Update floor runners and rugs. Rugs are another item that experience wear and tear. It may be time to upgrade them if you notice they’re starting to fade or unravel. Adding a welcome mat, if you don’t already have one, can make your home seem more inviting from the outside. Additionally, certain floor runners can be a great aesthetic and practical upgrade for stairs. They can prevent any slippage as buyers navigate the house, and create an easy accent touch in the process.

Hardware is an affordable way to revamp a kitchen. Is your kitchen hardware outdated or not so practical? Hardware is cheap, and incredibly easy to install. If you’re looking for a change that is subtle and practical, hardware is the place to start. Many home improvement stores will let you take sample pieces to test out before you buy an entire set.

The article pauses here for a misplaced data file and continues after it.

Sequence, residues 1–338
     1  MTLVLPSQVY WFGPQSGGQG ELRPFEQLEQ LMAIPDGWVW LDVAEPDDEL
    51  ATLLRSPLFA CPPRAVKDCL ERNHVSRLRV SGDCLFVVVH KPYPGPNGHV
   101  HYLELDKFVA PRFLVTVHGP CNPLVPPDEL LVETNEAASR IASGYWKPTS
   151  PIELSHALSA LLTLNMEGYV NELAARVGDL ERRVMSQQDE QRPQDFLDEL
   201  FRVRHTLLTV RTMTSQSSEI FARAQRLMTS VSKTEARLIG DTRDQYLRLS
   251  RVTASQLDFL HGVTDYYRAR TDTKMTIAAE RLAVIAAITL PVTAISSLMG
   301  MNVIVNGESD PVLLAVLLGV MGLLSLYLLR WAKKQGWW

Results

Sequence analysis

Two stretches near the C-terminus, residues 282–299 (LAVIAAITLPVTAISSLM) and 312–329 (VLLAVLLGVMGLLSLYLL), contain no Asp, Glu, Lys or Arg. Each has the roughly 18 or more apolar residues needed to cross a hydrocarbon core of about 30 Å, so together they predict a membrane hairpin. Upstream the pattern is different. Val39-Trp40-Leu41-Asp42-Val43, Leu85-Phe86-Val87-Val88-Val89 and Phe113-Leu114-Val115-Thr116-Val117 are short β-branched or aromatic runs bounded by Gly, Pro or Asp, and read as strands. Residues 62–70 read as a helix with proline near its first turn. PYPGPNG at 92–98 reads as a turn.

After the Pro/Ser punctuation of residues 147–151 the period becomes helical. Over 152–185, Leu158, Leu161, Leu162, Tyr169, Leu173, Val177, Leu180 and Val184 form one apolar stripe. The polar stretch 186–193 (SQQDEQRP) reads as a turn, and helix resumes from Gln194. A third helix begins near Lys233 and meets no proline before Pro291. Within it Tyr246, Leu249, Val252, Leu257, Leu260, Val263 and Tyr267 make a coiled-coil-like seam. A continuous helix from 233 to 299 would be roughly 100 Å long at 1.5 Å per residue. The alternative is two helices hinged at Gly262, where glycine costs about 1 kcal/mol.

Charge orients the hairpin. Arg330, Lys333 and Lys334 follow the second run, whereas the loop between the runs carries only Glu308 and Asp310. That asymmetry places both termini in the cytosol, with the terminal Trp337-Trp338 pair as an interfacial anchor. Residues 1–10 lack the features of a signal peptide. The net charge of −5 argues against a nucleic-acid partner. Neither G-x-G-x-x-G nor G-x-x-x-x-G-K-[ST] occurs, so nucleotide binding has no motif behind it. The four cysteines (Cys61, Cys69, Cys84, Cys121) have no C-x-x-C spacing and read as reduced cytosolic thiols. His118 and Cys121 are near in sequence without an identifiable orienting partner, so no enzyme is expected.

Add practicality and storage. Older homes are especially limited in their storage space. Installing shelving, or getting pieces for your home that are both pleasing to the eye and practical can make a space seem more functional, for a potential buyer. Something as simple as a bookshelf can help in maximizing your space.

Last but not least, treat your home well. A well taken care of home is usually quite easy to spot. If you invest proper care into your home, the results will show. Clean your home when necessary, make sure appliances are working smoothly, and fix small vanity issues whenever you can. Your home will ultimately reflect the amount of care you put into it.